12 Hours in New York

Mahima Pushkarna
Digital Dialects
Published in
4 min readJan 13, 2015


My husband and I decided to take an impromptu trip to New York City last week. We visited New York for lunch and dinner, before returning to Boston. It wasn’t the best weather for sight-seeing, and possibly the coldest it got in Boston, when we returned home. In this intense weather, what is the best way to spend 12 hours?

Between time and temperature, I condensed my original plan of seeing 8 places in 12 hours to 3 places in 12 hours, and prioritized indoor spaces. Since this was our only “vacation” in two semesters, we decided to stay away from retail and museums. We chose places close to the subway network, and this led me to look for a nice, user-friendly, paper map of New York.

Google Search for “Printable Maps of New York City”

A simple google search of “printable maps of New York City” shows up so many options, but for my purposes, the “perfect” map would convey three main sets of information:

  1. How to get from A to B:
    The map should enable me to locate my position and give me a sense of spatial orientation. I should be able to find the best possible routes, pick up on the best possible visual landmarks, and get a sense of the “spatial flow” of the city from this sheet of paper.
  2. The Girl with Too Many Eyes:
    A tourist would like to see New York City in all it’s grandeur, the New York City that Hollywood portrays, and more. We would like to easily identify the Empire State Building, Central Park, and Brooklyn Bridge on the map, and get there just as easily. Ideally, it should show us the icons, the landmarks.
  3. Train or Taxi, Foot or Ferry:
    Because it was very, very windy when we were there, we used the subway to get around instead of walking, which is what I would have preferred. Nothing lets you take in a city more that walking around it. So ideally, the map should have bus routes, bike stands, subway stations and routes marked out on it. Mostly, subway stations and routes.

Other things that would be nice: When I moved to Boston, the only reference of “space” that I had was Google Maps. That’s how we picked the apartment we live in. We were gearing up for a long walks to school, and toying with the idea of bicycles and even international driver’s permit. But lo behold! We were barely 5 minutes away from school. Everything was so close, and we were reveling in Boston’s high walkability. A bonus in a map, will be it’s ability to showcase how “walkable” New York City is — How comfortably can one get from Penn Station to South Street Seaport?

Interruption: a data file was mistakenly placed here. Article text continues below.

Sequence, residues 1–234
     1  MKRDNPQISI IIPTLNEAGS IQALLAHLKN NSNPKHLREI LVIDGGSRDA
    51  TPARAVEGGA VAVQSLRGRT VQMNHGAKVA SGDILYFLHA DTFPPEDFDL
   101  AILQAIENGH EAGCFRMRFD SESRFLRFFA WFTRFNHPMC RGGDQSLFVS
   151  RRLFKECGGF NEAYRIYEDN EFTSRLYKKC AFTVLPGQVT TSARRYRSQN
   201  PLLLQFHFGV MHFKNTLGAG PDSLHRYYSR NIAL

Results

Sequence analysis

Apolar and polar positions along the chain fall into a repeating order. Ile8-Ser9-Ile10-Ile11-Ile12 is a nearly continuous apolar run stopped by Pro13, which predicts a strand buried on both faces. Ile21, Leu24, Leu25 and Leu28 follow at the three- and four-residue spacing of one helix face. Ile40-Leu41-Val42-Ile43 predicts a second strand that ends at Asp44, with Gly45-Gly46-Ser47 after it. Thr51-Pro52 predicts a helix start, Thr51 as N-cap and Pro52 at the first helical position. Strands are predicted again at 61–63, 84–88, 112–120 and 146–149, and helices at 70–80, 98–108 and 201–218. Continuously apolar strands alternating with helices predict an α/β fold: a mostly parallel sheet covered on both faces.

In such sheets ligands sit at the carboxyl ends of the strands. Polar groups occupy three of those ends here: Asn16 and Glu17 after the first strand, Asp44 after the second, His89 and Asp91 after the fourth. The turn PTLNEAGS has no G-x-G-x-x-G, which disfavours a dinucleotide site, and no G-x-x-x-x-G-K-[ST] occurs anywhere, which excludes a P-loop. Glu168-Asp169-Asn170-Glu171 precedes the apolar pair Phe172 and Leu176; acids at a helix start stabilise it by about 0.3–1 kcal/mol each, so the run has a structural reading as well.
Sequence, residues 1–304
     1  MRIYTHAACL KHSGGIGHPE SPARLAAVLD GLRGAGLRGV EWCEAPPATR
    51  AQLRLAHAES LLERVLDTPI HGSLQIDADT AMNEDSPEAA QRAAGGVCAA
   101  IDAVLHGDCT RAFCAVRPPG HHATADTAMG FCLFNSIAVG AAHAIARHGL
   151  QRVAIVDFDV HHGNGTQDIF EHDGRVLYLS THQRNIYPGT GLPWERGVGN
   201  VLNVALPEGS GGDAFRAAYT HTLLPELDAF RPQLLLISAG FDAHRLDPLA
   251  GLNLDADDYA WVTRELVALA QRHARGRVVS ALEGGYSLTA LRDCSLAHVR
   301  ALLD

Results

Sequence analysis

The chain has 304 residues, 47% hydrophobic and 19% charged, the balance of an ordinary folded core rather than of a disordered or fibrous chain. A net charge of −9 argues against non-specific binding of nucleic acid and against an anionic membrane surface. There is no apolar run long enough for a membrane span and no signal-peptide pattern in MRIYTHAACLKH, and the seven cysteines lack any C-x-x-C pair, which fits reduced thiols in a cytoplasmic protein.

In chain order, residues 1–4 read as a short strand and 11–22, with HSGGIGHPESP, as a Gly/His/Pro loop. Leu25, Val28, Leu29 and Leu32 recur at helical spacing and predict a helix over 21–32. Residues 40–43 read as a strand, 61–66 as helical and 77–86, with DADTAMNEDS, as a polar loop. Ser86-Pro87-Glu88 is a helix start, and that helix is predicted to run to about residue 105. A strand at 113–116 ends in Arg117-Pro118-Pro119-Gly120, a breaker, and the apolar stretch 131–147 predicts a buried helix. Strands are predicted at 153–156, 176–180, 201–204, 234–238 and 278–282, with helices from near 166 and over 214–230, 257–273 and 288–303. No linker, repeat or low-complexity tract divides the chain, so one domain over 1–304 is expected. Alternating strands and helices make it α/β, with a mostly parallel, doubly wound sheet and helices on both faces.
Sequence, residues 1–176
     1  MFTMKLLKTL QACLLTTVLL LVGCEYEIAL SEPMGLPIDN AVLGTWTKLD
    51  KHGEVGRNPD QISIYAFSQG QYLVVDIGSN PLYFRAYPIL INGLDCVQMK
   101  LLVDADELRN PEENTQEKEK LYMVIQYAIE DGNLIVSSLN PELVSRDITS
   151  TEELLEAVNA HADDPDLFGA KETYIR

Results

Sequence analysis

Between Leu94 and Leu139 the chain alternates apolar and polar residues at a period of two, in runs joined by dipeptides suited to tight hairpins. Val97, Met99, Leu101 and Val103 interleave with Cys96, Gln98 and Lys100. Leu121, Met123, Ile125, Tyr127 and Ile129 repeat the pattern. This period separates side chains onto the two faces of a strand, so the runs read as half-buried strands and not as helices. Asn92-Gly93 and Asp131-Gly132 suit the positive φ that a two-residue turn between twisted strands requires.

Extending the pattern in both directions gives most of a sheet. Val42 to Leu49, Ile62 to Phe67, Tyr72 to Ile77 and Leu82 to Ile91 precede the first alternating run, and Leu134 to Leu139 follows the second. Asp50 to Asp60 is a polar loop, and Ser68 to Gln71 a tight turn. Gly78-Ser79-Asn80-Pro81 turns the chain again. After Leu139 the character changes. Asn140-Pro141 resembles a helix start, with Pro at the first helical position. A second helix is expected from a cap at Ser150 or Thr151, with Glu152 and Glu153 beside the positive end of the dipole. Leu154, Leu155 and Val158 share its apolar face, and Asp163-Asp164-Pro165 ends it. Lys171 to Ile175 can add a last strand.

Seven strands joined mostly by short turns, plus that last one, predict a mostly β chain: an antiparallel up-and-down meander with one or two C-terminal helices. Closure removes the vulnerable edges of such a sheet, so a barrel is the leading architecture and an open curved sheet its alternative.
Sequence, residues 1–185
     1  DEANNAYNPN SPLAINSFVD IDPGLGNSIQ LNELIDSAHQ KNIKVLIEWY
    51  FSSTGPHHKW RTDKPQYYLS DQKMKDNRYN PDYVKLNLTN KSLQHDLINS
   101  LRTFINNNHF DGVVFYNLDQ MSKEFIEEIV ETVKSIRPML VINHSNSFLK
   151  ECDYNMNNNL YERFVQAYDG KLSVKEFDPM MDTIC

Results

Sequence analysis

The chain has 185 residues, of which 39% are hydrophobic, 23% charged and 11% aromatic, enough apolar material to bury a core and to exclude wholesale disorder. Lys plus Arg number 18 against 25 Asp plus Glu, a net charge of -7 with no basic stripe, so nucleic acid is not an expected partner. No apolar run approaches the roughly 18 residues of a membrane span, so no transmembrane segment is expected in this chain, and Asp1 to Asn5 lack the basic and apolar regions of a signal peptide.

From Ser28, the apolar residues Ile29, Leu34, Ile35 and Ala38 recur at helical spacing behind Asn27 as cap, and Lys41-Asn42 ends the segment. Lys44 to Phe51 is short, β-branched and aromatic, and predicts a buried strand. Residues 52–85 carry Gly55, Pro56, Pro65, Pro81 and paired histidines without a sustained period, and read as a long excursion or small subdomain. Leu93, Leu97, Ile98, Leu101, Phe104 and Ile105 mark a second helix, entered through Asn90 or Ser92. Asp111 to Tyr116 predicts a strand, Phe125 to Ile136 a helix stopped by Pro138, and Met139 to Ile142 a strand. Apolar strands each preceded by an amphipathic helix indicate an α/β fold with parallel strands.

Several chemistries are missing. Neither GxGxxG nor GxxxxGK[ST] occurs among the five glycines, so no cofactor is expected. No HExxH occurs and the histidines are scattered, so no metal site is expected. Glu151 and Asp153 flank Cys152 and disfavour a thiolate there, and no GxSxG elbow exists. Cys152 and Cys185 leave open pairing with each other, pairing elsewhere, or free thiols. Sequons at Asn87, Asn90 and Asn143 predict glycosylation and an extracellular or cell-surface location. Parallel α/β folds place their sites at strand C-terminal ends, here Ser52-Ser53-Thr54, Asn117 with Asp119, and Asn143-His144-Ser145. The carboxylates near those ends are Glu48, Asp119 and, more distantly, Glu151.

Being a designer, I have the patience to navigate through a range of visually different maps. My husband does not: he is a good representation of people whose first choice is functionality. After much searching, I found a simple, neat map that won’t frustrate my husband too much when he’s reading it.

The NYC Bike Map.

But this is not the map I ended up using. I ended up using a combination of
+ Google Maps
+ Google Search: since google maps simply refused to triangulate my position, and kept on showing Times Square as an hour’s drive away — when I was standing there.
+ and the NYC Subway Map, in part.

For an outsider, the NYC subway map is actually difficult to figure out: I’ve heard several complaints but never really thought about them, since I spent a couple of weeks in 2009 and never had a problem. This time, I saw a couple of tourists struggling with identifying which way to go. It made me think about ways in which the map could be improved, and here are my top 3 suggestions:

  1. Clearly stating which train ends where. Physically tracking where lined 4,5, and 6 end can be cumbersome to the tourist, and stymie other commuters. A legend that depicts which train runs between which stations would be very, very useful.
  2. Express Trains? What are the chances that one hops onto an express line that doesn’t stop where we want it to? No idea.
  3. I, personally, found it hard to read which station to enter when there were multiple trains meeting at a point. Do the downtown bound trains pass through this station, or the one across the road? Simple signage systems could prove effective here.

As information increases in complexity, and relevant data is available in increasing abundance, we find that the product lifecycle of apps is reducing. There is a debate that software is unable to keep up with hardware, but in my case, I found that hardware was unable to keep up with softwares. The lesson learned is as a designer, the more number of vague and uncommon scenarios I cater to in my workflows, the more holistic my end product. Outliers can no longer be ignored in a world where there is a proliferation of digital services. Of course, it would not make sense to cater only to the outliers, but it would certainly improve practice if extremities were considered and included.



Mahima Pushkarna
Digital Dialects

Design @Google, People + AI Research. Designing 'stuff' for human-AI understanding since 2017. Opinions mine.